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ARLINGTON, Va. — Personnel cuts and expanded air operations in Iraq and Afghanistan are straining the men and women of Air Combat Command, its leader, Gen. John Corley, said Thursday.

“We’re highly stressed,” Corley told reporters during a Washington press breakfast.

The Air Force is in the third year of a four-year project to reduce its active-duty force to 316,500 airmen to modernize an aging fleet.

Corley said he agrees the aging aircraft need updating, but there’s no question that, for Air Combat Command, “the reduction in terms of overall number of people [has] hurt.”

Adding to the pressure, he said, is ACC’s heavy participation in Iraq and Afghanistan.

The command, headquartered at Langley Air Force Base, Va., provides about one-third of the 26,100 airmen deployed in support of Operations Enduring Freedom and Iraqi Freedom, Corley said.

ACC personnel also tend to spend more time deployed to Iraq and Afghanistan than many of their Air Force counterparts, he said.

The Air Force’s Air Expeditionary Force rotation is designed around a standard four-month assignment. But Air Force-wide, about 12,100 airmen are doing six- or 12-month tours in 2008, according to Air Force Personnel Center statistics.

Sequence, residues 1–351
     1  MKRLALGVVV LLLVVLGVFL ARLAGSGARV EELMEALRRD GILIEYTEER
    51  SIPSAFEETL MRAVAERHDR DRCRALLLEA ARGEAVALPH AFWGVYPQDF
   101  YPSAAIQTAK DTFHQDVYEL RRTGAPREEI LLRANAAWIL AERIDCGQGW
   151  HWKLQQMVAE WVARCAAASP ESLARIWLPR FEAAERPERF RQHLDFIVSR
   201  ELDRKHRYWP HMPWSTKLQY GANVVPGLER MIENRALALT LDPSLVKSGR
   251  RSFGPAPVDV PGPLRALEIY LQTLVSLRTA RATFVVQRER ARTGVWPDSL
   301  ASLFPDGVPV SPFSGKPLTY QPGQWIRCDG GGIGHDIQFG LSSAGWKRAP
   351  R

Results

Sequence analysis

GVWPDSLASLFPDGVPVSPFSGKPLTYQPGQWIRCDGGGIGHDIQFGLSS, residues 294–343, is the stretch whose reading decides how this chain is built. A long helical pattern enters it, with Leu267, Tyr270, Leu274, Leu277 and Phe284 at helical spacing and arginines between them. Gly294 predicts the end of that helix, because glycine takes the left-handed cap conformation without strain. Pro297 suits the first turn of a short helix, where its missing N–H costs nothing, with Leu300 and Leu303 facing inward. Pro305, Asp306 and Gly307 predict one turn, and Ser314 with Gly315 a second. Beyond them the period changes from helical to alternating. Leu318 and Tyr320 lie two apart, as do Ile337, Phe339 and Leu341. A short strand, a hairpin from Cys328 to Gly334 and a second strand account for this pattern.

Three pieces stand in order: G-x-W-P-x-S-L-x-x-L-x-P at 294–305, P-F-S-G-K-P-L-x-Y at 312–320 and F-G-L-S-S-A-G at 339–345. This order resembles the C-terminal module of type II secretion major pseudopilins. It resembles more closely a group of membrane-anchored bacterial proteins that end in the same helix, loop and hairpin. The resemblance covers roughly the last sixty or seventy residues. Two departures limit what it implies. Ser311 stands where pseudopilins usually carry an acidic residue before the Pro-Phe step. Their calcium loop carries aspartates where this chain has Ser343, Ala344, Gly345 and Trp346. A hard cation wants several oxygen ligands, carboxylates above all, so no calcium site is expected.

About 50 percent of the airmen on those extended tours are ACC personnel, Corley said.

ACC personnel in five career fields are particularly hard hit, Corley said: civil engineers, intelligence, transportation, military police and Security Forces.

Airmen in those five fields not only are doing most of the longer rotations, but “have dwell rates which are currently 1-1, or worse,” Corley said.

That means for every month an airman spends deployed, he gets one month back at home station before being sent back to the combat zone.

Some ACC airmen in the five career fields are getting a dwell ratio of 1-0.75, or three weeks at home for every month downrange, Corley said.

“Is that stressing on our people? Yes it is,” Corley said.

But “it’s not just the [ACC airmen] deployed to Iraq and Afghanistan, it’s the ones forward-deployed” who add to the personnel drain on the command, he said.

For example, Corley said, “I’m constantly rotating either B-52s or B-2s [both bombers] into Guam,” along with their crews.

There are also airmen “deployed in place,” he said — operators for the Predator and Reaper unmanned aerial systems — who are in such high demand Corley has canceled their normal rotations and reassignments.

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